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The Insight Scoop On Squamous Cell Skin Cancer
Squamous Cancel Carcinoma (SCC), the second most virulent form of skin cancer generally affects approximately 250,000 of the general United States population. It is a common occurrence among people with fair complexion who are exposed frequently to direct sunlight between the hours of 10 in the morning up to 3 in the afternoon, especially among the middle-aged and the elderly who are the most likely to be affected.
Squamous cell skin cancer generally manifest itself as crusty or flaking patches on the skin with a red, inflamed base, a growing tumor, and/or a non-healing ulcer. They are usually found in the face, neck, arms, scalp, back of the hands, and ears � areas of the body that are normally exposed to direct sunlight. However, some cases of SCC have also been reported to occur on the lips, inside the mouth, the genitalia or anywhere on the body. If you discover any lesion on your body that does not heal and grows, bleeds or changes in appearance, an immediate consultation with a dermatologist is obligatory because it is possible for squamous cell carcinoma to spread to other areas of the body.
Without proper diagnosis and treatment, squamous cell carcinoma can destroy the skin tissues surrounding the tumor and may result a permanent scar or disfigurement like the loss of a nose, lip or ear. Aggressive types of squamous cell carcinomas which normally occur on the lip and ear areas can spread to the lymph nodes and become life threatening.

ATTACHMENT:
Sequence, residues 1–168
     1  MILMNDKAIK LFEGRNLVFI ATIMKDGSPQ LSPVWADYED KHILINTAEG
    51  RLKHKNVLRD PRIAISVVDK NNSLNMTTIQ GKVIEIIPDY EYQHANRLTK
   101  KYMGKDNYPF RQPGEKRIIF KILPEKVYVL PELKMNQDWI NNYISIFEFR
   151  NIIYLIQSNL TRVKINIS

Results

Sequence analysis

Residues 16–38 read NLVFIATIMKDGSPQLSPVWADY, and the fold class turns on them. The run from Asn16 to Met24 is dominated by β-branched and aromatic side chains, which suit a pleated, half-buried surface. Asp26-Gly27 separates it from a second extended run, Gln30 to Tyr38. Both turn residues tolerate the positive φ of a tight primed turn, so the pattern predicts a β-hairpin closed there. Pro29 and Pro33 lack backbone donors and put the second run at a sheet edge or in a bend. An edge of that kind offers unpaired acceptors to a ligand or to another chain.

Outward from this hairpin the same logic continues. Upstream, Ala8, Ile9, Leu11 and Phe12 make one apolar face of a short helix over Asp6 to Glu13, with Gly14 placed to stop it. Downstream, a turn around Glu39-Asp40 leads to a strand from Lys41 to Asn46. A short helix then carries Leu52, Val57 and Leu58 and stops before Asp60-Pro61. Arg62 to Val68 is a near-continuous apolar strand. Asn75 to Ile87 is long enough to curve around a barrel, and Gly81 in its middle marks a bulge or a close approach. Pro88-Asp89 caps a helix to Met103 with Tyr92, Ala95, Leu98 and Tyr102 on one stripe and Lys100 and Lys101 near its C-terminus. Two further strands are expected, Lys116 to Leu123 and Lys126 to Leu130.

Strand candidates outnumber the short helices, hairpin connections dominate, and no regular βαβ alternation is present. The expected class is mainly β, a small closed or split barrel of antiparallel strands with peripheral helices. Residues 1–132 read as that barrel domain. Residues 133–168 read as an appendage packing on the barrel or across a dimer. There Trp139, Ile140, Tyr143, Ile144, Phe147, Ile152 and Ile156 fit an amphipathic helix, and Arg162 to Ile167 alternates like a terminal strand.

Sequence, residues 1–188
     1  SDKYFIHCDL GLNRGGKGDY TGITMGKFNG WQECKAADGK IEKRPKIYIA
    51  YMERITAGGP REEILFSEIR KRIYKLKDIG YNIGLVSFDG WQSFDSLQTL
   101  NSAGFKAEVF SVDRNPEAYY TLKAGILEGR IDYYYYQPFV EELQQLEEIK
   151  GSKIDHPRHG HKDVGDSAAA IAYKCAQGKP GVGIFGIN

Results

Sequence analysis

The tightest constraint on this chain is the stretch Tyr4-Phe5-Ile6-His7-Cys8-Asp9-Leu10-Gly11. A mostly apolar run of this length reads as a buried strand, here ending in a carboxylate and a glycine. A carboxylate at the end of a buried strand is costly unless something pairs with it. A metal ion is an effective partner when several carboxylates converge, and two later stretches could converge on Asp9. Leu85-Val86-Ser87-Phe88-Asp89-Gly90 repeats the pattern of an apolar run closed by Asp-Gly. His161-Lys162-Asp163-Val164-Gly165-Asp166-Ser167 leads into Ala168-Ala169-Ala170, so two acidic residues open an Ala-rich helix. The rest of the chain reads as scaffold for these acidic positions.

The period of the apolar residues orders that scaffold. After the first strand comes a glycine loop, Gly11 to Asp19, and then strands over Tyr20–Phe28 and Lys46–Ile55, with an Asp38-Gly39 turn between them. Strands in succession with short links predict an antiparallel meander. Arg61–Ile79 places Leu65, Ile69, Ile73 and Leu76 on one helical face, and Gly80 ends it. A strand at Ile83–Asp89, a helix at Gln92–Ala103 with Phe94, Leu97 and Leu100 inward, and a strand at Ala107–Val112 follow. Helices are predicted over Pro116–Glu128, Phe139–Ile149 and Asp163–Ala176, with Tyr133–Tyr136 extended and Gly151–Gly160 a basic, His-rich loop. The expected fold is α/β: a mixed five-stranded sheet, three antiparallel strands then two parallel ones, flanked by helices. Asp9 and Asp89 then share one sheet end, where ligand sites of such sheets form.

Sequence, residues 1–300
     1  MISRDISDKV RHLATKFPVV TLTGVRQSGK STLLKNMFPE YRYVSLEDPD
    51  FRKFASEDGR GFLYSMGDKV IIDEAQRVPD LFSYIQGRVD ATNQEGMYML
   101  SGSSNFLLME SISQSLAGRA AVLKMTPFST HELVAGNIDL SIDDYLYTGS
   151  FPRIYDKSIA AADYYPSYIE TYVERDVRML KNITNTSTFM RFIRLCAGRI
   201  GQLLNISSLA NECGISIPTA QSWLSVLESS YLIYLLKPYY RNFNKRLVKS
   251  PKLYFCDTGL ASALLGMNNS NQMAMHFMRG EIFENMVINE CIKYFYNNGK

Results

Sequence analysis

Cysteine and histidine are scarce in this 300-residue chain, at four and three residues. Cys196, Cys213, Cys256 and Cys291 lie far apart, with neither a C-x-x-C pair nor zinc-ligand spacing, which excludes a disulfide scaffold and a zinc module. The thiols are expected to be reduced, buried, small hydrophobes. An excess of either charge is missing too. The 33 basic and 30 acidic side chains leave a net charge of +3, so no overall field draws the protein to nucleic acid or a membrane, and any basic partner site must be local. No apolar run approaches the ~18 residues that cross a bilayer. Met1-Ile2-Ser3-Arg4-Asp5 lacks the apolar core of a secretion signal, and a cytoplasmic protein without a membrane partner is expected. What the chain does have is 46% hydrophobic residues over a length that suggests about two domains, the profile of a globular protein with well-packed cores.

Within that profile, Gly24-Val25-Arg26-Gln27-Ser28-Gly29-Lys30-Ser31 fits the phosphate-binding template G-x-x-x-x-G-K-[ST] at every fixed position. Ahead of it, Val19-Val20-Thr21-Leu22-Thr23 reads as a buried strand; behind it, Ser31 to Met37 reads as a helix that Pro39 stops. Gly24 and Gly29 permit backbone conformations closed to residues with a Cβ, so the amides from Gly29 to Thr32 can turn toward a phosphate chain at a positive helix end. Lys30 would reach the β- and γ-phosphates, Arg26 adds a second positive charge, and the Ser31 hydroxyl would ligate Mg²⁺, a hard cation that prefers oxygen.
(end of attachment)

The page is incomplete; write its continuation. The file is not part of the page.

A skin biopsy is the best way to diagnose any lesion or flaky patches on the body in order determine and confirm the diagnosis.
Common Factors that Cause Squamous Cell Carcinoma
Constant and direct exposure to the sun�s ultraviolet rays for prolonged periods is the number one contributory factor to an increased probability of developing skin cancer.
� Exposure to indoor tanning devices which emit ultraviolet light also increases an individual�s risk of skin cancer.
� Chronic skin ulcers, x-ray treatment for acne, smoking and exposure to tars and oils can also influence some individuals to the development of SCC.
� Avoidance of ultraviolet (natural or artificial) is the foremost preventive measure to combat skin cancer.
� If exposure to the sun is necessary due to work requirements or any other reason, then it is best to wear protective clothing or apply broad-spectrum sunscreens that can block both ultraviolet A and ultraviolet B rays. A rule of thumb is to use sunscreens with a Sun Protection Factor (SPF) of 15 or higher.
� Wear sunglasses and hats.
� Use a sun block formulated for the lips.
� Limit your time outdoors especially between the hours of 10a.m. to 3p.m.
� Treat yourself to an annual skin examination by a dermatologist to monitor your skin condition regularly.
� Read the fine print on the literature and labels of medication, drugs and skin-care products that you use since they may contain ingredients that can increase your risk of developing cancer.
If you are a smoker (cigarette, pipe or cigar) or use smokeless tobacco, this may be a wake up call to quit the habit. Smokers and tobacco chewers have an inordinately high risk of developing squamous cell cancer of the mouth and lips. Consonant to prevention, a regular checkup and examination of the entire body is recommended. You can do this on your own to check your skin for abnormal skin conditions; use a full-length mirror to check the areas of your back, shoulders, upper arms and buttocks.
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